How a job loss affects your mortgage approval

money house - what if you lose your job
Mortgage Mark Herman’s money house

If you’ve been thinking about buying a house, you’ve probably considered how much you can afford in mortgage payments. Have you also thought about what would happen if you lost your source of income?

While the sudden loss of employment is always a possibility, the current uncertainty of our economy has made more people think about the stability of their income. Whether you’ve already made an offer on a home or you’ve just started looking, here is how job loss could affect your mortgage approval.

What role does employment play in mortgage approval?

In addition to ensuring you earn enough to afford a mortgage payment; mortgage lenders want to see that you have a history of consistent income and are likely to in the future. Consistent employment is the best way to demonstrate that.

To qualify for any mortgage, you’ll need proof of sufficient, reliable income. Your mortgage broker will walk you through the income documents your lender will need to verify you’re employed and earning enough income. So, if your employment situation is questionable, you may want to reconsider a home purchase until your employment is more secure.

Should you continue with your home purchase after you’ve lost your job?

What if you’ve already qualified for a mortgage, and your employment circumstances change? Simply put, you must tell your lender. Hiding that information might be considered fraud, and your lender will find out when they verify your information prior to closing.

If you’ve already gone through the approval process, then you know that your lender is looking for steady income and employment.

Here are some possible scenarios where you may be able to continue with your purchase:

  • If you secure another job right away and the job is in the same field as your previous employment. You will still have to requalify, and it may end up being for less than the original loan, but you may be able to continue with your home purchase. Be aware, if your new employer has a probationary period (usually three months), you might not be approved. Consult your broker.
  • If you have a co-signer on your mortgage, and that person earns enough to qualify on their own, you may be able to move forward. Be sure your co-signer is aware of your employment situation.
  • If you have other sources of income that do not come from employment, they may be considered. The key factors are the amount and consistency of the income. Income from retirement plans, rentals, investments, and even spousal or child support payments may be considered under the right circumstances.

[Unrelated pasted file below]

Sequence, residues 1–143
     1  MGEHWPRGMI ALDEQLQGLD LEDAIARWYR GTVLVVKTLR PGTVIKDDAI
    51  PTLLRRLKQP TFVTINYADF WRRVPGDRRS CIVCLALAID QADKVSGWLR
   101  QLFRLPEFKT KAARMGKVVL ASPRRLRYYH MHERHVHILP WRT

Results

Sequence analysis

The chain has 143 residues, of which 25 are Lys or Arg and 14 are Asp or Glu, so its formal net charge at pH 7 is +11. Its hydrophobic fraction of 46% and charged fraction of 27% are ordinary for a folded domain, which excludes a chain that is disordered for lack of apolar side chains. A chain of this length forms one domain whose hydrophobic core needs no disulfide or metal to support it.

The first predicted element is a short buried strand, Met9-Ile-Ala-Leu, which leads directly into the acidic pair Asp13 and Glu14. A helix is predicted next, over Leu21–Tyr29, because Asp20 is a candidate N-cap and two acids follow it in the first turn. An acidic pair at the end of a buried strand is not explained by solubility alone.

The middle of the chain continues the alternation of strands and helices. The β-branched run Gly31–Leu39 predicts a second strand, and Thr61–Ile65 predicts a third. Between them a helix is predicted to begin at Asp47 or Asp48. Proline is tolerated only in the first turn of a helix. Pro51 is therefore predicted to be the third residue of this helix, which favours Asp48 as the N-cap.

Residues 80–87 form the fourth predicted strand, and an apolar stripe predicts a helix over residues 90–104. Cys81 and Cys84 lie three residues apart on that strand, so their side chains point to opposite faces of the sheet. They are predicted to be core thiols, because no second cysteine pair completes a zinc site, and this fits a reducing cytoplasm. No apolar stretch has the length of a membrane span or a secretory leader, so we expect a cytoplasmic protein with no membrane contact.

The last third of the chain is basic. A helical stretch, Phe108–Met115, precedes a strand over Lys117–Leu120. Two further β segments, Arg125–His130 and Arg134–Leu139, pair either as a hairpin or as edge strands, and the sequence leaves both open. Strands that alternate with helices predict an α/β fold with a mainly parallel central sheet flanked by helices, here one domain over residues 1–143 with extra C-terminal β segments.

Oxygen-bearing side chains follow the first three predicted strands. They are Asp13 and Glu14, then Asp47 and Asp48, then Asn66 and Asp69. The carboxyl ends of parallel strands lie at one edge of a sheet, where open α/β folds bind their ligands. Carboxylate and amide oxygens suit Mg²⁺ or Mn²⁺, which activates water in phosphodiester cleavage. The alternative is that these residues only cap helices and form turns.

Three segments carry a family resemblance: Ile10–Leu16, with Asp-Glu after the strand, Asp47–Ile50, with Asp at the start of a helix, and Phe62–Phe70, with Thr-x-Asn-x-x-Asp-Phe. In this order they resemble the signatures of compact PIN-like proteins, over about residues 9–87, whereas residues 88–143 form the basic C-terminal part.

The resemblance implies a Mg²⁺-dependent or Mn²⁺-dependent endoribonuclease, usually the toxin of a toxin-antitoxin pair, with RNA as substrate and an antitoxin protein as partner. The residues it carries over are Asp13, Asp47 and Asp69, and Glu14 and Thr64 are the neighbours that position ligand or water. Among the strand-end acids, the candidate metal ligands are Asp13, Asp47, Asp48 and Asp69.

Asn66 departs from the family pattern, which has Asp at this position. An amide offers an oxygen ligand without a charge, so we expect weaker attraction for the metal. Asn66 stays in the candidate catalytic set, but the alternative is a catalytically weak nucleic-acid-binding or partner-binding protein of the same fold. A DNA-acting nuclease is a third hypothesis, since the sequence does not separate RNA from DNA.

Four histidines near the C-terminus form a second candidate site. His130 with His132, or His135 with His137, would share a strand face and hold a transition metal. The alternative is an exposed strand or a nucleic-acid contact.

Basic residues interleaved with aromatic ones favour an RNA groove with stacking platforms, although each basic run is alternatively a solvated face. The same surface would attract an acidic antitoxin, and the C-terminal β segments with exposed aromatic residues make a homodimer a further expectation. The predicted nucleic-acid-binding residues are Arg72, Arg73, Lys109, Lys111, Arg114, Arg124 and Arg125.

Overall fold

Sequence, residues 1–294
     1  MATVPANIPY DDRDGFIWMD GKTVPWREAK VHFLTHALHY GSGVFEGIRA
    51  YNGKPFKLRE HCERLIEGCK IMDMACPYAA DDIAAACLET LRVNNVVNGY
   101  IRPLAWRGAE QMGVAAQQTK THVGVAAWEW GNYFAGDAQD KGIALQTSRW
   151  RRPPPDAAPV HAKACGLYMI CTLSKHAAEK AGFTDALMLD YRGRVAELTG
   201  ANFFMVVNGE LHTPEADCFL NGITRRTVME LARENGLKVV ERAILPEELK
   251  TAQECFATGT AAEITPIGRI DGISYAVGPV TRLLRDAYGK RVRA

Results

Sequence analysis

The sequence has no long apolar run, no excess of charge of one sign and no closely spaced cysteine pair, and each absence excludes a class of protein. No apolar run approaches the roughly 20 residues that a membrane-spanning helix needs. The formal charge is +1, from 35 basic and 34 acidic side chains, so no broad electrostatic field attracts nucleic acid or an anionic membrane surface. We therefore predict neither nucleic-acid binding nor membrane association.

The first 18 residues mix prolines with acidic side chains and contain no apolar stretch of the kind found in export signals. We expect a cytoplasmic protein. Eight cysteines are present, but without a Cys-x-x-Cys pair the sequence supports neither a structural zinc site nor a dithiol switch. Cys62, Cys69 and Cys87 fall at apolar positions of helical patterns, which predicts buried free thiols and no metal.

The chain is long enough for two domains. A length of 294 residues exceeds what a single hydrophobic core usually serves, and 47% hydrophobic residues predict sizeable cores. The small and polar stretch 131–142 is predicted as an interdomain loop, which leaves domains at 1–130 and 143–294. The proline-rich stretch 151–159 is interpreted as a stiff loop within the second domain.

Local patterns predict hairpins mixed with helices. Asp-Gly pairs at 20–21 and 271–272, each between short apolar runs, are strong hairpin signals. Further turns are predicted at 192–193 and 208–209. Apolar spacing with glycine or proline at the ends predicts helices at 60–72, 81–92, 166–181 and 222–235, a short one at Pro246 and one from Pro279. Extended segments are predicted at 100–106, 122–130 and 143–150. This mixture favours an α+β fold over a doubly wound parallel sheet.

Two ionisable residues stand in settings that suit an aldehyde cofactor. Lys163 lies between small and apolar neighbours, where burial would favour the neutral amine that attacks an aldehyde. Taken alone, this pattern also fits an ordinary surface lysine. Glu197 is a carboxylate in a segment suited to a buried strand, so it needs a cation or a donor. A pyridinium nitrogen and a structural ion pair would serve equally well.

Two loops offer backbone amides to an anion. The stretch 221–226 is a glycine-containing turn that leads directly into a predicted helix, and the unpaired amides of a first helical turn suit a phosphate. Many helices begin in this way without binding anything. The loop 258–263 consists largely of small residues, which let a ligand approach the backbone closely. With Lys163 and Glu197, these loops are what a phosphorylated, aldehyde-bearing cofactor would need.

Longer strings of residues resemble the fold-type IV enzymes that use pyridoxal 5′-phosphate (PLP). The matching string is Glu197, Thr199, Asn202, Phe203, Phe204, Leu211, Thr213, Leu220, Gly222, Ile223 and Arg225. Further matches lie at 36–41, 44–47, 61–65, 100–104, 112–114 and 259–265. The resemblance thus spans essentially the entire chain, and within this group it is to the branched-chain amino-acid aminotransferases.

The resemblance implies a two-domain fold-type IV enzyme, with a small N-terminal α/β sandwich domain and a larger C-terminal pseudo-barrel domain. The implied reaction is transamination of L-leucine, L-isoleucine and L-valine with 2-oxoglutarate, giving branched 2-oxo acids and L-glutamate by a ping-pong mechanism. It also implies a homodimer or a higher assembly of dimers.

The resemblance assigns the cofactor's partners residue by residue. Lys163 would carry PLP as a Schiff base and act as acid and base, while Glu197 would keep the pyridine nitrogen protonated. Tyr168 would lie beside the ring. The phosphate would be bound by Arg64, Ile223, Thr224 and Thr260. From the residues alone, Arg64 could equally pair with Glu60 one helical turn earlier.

Can you use your unemployment income when applying for a mortgage?

Generally, Employment Insurance income can’t be used to qualify for a mortgage. The exceptions for most financial institutions are seasonal workers or people with cyclical employment in industries such as fishing or construction. In this situation, you’ll be asked to show at least a two-year cycle of employment followed by Employment Insurance benefits.

However, it’s not the ideal situation and most lenders won’t be willing to approve your mortgage under those conditions.

What happens if you’re furloughed (temporary leave of absence)?

Not all job losses are permanent. As we’ve seen during the COVID-19 pandemic, many workers were put on temporary leave. If you’ve already been approved for a mortgage and are closing on a house, your lender might take a “wait-and-see” approach and delay the closing if you can demonstrate you’ve only been furloughed. In these cases, you’ll need a letter from your employer that has a return-to-work date on it. Keep in mind, if you don’t return to work before your closing date, your lender will likely cancel the approval and ask for a re-

submission later.

If you haven’t started the application process, it would be wise to wait until you are back to work for at least three months to demonstrate consistent employment.

Your credit score and debt servicing ratios may change because of lost income, which means you may no longer meet your lender’s qualifications for a mortgage. While it may not be possible, try to avoid accumulating debt or missing any payments while unemployed.

Talk to your mortgage broker.

 

“You don’t want to get locked into a mortgage you can’t afford.

You also don’t want to lose a deposit on a home because you lost your financing.

When trying to assess if it’s better to move forward or walk away, we should be your first call.”

Mortgage Mark Herman; Calgary Alberta Mortgage Broker

 

The Virus & Deferring: Another reason not to have your mortgage at your bank

Another reason not to have your mortgage at your main bank…
Many home owners have all their banking in one place for convenience but this is another “trap.” If everything is at your favorite bank, they can see:

  • from your pay deposits if you are still working, or are receiving EI payments.
  • what your debts and minimum payments are,
  • your savings & checking balances, what your Line-of-credit is, and your credit score.
  • they know the value of your home and the mortgage amount.

With all of this data on hand, the bank can decline your deferral and suggest that you use more funds from savings or line-of-credit to make the payments.

Mortgage Mark Herman, Top Calgary Mortgage Broker

Someone who has lost their job, or has reduced pay, due to the virus, is not going to react well to having their bank tell them to continue to make payments from savings or LOCs.

The Deferral Trap